This morning I spent an hour looking for my iPhone. I searched in all the usual places: under the covers of my bed, the bathroom counter, my desk... I even went outside onto the back porch to see if I left it on the railing when I let the dog out and opened the washing machine to see if it could have fallen in. It was nowhere to be found. I checked all of its usual hiding places again... and again... and again.
In a near panic, I opened my laptop and sent my husband an urgent message. "I can't find my phone anywhere! Will you call me?"
I was ready to make my rounds again listening for the familiar vibrating I hear 10,000 times a day. I'd have to move quickly from room to room so I wouldn't miss its subtle buzz.
Finally, my husband answered. "Dude. I have you phone!" (Yes, my husband addresses me as "Dude" half the time. Isn't that sweet?) "I have no idea how that happened. I'll bring it to you. Give me 15 minutes." Phone thief. He must have picked it up by accident thinking it was his.
As I was waiting for my beloved to arrive (the phone, that is... well, the husband, too), it dawned on me how completely ridiculous the whole interaction was--and how dependent I am on my iPhone. When I lose it the first places I look are in my sheets and my bathroom counters? What is wrong with this picture!? Ridiculous!
Then I panic. What if someone tried to send me a text message and I missed it? What if my daughter does something cute and I can't take a picture of it and immediately post it to Facebook? What if I wanted to walk away from my computer.. and I couldn't refresh my email inbox every 30 seconds? What if it was lost forever?!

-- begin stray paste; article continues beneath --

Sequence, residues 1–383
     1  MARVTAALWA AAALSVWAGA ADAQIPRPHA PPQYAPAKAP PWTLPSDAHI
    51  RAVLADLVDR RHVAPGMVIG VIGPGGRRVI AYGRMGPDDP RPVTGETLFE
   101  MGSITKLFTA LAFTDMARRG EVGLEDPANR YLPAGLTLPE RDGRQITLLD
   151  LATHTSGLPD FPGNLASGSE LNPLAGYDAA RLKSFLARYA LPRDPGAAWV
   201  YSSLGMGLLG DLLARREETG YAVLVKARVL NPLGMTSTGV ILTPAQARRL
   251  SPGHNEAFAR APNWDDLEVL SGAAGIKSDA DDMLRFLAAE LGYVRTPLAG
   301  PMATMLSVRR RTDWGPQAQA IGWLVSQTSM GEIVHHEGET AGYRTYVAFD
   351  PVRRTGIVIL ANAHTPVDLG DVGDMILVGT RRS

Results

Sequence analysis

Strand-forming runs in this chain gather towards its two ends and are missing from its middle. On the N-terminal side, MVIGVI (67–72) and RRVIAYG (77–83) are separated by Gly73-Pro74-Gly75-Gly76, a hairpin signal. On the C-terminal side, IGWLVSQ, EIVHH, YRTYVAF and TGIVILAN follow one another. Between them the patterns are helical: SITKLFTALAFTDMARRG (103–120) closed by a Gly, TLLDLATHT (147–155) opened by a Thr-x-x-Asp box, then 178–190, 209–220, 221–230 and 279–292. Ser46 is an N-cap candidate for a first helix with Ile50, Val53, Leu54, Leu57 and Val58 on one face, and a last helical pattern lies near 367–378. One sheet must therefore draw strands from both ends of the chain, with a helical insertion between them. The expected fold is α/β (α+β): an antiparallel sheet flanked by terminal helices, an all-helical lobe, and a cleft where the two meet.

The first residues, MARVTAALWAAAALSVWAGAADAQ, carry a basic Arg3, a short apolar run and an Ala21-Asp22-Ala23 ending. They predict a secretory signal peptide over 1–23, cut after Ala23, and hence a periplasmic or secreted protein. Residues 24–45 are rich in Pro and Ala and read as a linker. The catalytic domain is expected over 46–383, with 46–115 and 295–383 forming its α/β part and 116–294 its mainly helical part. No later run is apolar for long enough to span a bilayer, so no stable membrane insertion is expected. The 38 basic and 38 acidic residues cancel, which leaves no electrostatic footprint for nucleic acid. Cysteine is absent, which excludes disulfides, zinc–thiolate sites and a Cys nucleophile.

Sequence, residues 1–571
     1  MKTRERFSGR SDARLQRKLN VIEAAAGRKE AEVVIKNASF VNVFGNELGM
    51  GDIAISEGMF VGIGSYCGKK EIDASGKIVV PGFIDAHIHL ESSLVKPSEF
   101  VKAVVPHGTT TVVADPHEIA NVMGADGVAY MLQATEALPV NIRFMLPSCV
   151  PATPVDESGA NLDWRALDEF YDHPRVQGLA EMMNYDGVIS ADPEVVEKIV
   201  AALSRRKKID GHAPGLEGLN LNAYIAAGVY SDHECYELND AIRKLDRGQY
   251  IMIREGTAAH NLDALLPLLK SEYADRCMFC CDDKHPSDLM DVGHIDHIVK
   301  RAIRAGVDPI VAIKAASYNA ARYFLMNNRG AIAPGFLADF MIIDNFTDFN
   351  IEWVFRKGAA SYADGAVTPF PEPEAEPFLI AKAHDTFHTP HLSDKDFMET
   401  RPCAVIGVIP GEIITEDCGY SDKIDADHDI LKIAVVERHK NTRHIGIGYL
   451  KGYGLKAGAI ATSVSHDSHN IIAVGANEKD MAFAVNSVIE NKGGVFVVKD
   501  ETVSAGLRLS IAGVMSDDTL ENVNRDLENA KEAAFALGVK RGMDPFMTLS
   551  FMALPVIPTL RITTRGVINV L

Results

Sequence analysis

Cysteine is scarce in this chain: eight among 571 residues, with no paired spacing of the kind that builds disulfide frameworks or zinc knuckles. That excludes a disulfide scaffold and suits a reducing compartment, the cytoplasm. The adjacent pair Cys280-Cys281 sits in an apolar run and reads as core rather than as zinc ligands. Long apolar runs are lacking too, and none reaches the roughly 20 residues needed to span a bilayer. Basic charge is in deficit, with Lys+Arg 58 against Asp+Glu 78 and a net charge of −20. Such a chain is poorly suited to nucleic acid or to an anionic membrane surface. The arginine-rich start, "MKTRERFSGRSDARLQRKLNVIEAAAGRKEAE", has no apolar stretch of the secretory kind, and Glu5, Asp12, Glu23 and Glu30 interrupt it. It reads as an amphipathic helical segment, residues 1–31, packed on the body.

It's true. Smartphones have dramatically changed our lives. But they also have robbed us of the ability to live our lives without constant worry. Actually, it's not fair to blame the technology--I should blame my inability to create boundaries for the use of the technology instead. It's ironic, though, that I feel like I can't be without my phone for an hour because I might miss something, when on a daily basis I actually spend so much time refreshing the browser on my phone--or computer, or tablet, or other tablet (I have one upstairs and one downstairs.. yes, really!)--that I'm missing out on things that are actually happening right in front of me. You can bet that when the day seems to get away with me and I've accomplished little it's because I was so worried about what was happening in the virtual world that I wasn't present in the real world for an entire day. It's sad. And it's STUPID.
How do you create boundaries around technology so you can enjoy your life more fully, more mindfully, and live in the present? Obviously, I could use some pointers.